Have you ever had one of those days, when you eat a very large lunch (because it was offered to you), knowing full well that you have dinner plans? I tried to convince myself that my elasticated stomach would stretch, to house two large meals for the day, but I was wrong.
Upon arriving at Naughty Piglets, and catching sight of the small plates being served to the other tables, I was filled with regret. My usual ‘fill the table’ approach was not happening tonight, and so I would describe this review as a ‘sampler’, as I was only able to share three small plates and a dessert.
The sampler was enough to convert me into a raving fan of a very talented chef, as all of the dishes were presented beautifully, and tasted even better than they looked. Naughty piglets is the love child of married couple Margaux Aubry Sharrat and Joe Sharratt, a chef and sommelier team, and the restaurant open since 2015, is continuing to thrive in popularity.
The 30 cover restaurant, serving small plates, was jam packed, without a table in sight available (to be expected, in Brixton on a Friday night), and here’s why….
Our first plate was the Chargrilled mackerel, gooseberry, coriander (Priced at £10), delicately grilled, with equally as delicate presentation, the gooseberry dressing perfectly balanced out the strong and sometimes overpowering fishy flavour of the mackerel.
This was closely followed by the Burrata, Datterini tomatoes, and basil (priced at £9), this was served with accompanying bread, and pretty much fell in line with my expectations on having some damn good cheese and tomatoes.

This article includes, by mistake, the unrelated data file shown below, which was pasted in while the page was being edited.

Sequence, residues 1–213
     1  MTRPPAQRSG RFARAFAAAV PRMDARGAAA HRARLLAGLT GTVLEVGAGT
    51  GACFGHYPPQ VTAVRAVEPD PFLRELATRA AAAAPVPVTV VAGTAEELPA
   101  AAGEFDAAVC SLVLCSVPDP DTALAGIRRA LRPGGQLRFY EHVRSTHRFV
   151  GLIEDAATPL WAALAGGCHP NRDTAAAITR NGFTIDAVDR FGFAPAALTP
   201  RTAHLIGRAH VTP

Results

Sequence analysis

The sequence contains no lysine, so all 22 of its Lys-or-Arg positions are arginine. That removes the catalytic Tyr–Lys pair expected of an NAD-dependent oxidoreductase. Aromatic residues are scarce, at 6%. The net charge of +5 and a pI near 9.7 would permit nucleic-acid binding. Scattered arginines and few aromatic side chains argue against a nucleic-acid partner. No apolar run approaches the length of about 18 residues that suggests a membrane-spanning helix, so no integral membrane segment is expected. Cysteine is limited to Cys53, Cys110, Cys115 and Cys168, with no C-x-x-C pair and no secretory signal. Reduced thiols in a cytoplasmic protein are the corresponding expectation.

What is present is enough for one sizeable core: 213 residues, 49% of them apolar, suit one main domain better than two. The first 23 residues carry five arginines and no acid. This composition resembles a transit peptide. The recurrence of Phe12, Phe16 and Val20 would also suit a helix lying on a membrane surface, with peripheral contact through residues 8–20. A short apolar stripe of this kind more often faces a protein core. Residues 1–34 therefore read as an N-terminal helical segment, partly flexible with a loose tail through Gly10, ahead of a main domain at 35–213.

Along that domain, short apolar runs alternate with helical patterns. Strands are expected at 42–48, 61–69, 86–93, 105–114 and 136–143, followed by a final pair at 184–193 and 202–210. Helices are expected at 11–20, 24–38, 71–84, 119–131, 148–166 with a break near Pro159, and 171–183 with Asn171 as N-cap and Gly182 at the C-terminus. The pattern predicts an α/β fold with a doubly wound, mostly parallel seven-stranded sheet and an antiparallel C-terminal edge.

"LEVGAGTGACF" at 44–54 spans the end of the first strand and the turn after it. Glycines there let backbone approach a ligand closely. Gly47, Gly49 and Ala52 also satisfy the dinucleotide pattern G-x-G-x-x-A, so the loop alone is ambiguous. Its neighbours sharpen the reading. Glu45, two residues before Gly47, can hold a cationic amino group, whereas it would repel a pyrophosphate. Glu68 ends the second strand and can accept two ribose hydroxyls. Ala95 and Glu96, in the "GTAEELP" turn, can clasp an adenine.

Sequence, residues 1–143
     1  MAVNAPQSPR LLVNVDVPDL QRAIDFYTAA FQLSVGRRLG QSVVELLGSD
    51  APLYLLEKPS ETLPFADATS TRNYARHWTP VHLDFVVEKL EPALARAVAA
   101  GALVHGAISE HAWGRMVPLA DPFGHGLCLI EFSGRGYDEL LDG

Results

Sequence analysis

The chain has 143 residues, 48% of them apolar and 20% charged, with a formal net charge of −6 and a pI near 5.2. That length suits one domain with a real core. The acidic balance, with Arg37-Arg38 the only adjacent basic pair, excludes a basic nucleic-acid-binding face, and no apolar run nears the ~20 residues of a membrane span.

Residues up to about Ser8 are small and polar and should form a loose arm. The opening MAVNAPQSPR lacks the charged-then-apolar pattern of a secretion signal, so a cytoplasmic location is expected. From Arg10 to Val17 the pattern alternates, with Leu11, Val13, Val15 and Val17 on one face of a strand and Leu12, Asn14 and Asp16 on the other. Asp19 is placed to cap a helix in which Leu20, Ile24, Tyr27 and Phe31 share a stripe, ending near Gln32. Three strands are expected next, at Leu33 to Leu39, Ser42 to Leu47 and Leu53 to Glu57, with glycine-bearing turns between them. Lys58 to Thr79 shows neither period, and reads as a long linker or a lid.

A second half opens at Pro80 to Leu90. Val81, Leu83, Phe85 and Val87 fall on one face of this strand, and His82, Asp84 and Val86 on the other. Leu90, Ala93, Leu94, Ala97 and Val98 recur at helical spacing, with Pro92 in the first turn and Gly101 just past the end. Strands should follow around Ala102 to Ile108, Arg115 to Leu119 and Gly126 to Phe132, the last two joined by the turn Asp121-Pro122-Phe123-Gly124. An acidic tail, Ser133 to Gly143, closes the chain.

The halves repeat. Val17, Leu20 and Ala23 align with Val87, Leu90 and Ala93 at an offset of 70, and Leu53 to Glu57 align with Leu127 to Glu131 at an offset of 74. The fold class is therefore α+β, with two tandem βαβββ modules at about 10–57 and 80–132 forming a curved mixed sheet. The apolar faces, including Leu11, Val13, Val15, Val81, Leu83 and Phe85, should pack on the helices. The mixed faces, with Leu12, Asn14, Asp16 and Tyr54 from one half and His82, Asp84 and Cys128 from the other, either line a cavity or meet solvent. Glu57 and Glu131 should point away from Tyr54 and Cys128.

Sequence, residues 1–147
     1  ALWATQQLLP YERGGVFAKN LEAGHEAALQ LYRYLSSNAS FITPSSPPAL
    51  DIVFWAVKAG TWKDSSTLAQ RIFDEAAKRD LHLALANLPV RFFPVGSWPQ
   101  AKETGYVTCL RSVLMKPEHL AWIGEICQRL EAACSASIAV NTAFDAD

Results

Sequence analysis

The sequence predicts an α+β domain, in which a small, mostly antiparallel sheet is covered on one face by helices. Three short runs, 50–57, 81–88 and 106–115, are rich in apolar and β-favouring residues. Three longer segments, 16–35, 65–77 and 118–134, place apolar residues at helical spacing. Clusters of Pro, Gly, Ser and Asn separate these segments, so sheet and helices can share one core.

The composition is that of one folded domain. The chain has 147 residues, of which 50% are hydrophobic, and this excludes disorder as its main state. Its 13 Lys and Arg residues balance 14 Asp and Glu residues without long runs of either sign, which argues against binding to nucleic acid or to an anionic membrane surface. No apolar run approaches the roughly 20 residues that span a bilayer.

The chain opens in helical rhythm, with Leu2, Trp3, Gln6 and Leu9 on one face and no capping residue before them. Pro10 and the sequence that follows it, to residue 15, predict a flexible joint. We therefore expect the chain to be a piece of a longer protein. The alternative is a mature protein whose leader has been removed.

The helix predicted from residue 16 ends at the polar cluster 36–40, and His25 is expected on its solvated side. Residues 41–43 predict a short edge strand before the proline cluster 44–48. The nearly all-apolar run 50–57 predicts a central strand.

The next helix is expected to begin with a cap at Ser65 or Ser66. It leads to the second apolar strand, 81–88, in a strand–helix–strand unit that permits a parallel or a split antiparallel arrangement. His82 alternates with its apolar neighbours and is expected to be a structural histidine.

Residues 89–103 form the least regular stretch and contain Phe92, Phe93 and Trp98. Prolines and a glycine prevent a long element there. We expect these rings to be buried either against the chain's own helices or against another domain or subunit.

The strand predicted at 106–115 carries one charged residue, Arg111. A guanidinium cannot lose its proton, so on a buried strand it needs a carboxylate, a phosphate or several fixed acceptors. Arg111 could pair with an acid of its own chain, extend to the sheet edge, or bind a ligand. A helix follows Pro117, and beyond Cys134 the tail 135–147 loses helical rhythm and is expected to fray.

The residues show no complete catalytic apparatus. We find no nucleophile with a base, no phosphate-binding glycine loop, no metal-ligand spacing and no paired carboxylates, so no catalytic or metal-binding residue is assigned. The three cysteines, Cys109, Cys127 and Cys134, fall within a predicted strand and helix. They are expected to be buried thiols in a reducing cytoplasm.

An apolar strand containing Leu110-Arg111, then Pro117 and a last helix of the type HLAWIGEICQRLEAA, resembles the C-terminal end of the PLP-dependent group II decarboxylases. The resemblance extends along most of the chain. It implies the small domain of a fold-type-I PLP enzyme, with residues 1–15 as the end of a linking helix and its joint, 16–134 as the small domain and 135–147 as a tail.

My favourite dish was the Devon crab, peanut and picked cabbage (Priced at £11). As far as I am concerned, crab, peanuts and the vinegar from the pickled cabbage is truly a match made in taste bud heaven.
To finish we ordered the Doughnuts, lemon curd and sour cream (Priced at £6), quite simply a perfect to a delightful snack.
Now whilst I think that the dishes eaten were faultless on flavour, quality of ingredients and presentation, I could not help to feel a little short changed on the portion sizes versus price, even given my large lunch. How I personally define value for money is made up of environmental, service, quality, taste and price. For me the price, service, and environment combined, is what has led me to this conclusion.
The environment was uncomfortably hot, with a single fan struggling to keep us cool (within the back section of the restaurant), and my visit was during the peak of our unusually hot British summer. The service was casual, our waiter had extensive menu knowledge, though seemed thinly spread between the number of tables he was waiting. The décor is reminiscent to a quaint French brasserie, loads of wood, with a stripped back simple appearance.
Whilst the menu pricing did not sit comfortably with me, I will return to Naughty Piglets, purely because I was so impressed with the dishes ordered, and I am now left wondering curiously, what the rest of menu has to offer. If I was to sum up my visit to Naughty Piglets, I would use three words, flavoursome and beautiful food.